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Market Drops – Investors Freightened by Washington Statements

I know that the new administration is learning to deal with the media, but it can sure be painful when someone speaks out of turn. Here is an article written by Jason Schwarz that will give you more details.


Today marks the first day in over a month that financials are back in the clouds of uncertainty. The banks themselves have exceeded expectations with their surprisingly strong Q1 earnings reports but 2009 is a year in which the government is in charge and when the government is uncertain about their next move the stocks will suffer accordingly.

…Jaime Dimon’s comment last week that JP Morgan will not participate in PPIP definitely rattled the administration…Chief of Staff Rahm Emanuel floated out the idea that bailout funds might all be converted into common stock. These announcements raised the level of uncertainty and have brought back a significant perception of fear to the sector. Nobody wants to own a bank that will have to convert shares to the government in the near future. Until these issues get resolved, we will be looking at a difficult few weeks.

Uncertainty is worse than bad news. It has been such a problem that I blamed it for the market lows of 2009 when I wrote that the bubble of uncertainty was about to burst on March 9th when the Dow was trading at 6500. Since that time, the index has rallied 1500 points and bank stocks have enjoyed a rally based on the details since released. Today, however, we enter a two week period of uncertainty ahead of the May 4th stress test results. Whenever Treasury Secretary Tim Geithner is in control, investors can expect stocks to sell off; and he is in control over the next few weeks.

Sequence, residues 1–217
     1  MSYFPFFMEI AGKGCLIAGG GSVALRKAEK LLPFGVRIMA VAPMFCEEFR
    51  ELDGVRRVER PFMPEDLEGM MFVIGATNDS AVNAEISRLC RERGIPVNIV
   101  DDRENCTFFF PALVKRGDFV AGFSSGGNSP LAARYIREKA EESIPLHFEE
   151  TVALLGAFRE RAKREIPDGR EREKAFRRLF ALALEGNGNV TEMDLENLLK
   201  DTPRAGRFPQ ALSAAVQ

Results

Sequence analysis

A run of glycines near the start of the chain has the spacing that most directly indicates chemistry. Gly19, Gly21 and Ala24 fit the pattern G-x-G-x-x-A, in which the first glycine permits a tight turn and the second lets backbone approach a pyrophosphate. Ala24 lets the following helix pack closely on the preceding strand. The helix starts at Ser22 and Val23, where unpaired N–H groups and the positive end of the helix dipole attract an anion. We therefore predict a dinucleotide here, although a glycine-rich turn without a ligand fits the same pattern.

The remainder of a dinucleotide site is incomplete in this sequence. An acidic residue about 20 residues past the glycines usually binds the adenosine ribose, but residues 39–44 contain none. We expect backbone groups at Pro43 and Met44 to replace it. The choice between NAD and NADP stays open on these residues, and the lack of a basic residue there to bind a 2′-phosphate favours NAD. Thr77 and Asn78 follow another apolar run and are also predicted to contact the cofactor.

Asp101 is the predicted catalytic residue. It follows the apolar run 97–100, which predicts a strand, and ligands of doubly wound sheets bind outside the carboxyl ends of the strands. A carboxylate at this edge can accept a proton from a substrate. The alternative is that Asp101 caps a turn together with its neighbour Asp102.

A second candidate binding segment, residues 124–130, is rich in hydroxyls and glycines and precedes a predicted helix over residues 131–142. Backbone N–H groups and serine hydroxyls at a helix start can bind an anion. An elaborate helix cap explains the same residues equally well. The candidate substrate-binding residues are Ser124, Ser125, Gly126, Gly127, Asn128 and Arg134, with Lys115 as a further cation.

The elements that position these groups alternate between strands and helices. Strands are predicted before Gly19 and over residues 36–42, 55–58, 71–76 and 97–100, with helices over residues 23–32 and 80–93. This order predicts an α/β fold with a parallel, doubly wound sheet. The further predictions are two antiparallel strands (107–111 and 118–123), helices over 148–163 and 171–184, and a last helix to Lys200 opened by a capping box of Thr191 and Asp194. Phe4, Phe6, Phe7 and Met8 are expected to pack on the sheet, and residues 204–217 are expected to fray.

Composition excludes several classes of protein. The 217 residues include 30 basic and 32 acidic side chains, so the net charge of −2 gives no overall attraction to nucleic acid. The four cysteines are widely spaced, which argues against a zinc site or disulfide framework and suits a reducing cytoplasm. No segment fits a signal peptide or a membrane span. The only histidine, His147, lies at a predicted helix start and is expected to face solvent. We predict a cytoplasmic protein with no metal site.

There is more to the article, but it is very negative against Geithner. I didn't want to skew your opinion with the writer's opinions, but you can read the entire article here if you'd like:

The point is that in a market recovery as fragile as we've had, just about anything can set it back. The leaders of the market since the March low (energy, financials, tech) were crushed today – many 2X to 4X worse than the broader market.


My best estimate is that this will be used by investors who did not get invested early enough as an opportunity to buy into the market and move us back up. We will likely see a a bit more downside before we move back up – unless someone in Washington says something without understanding what the consequences might be before they speak.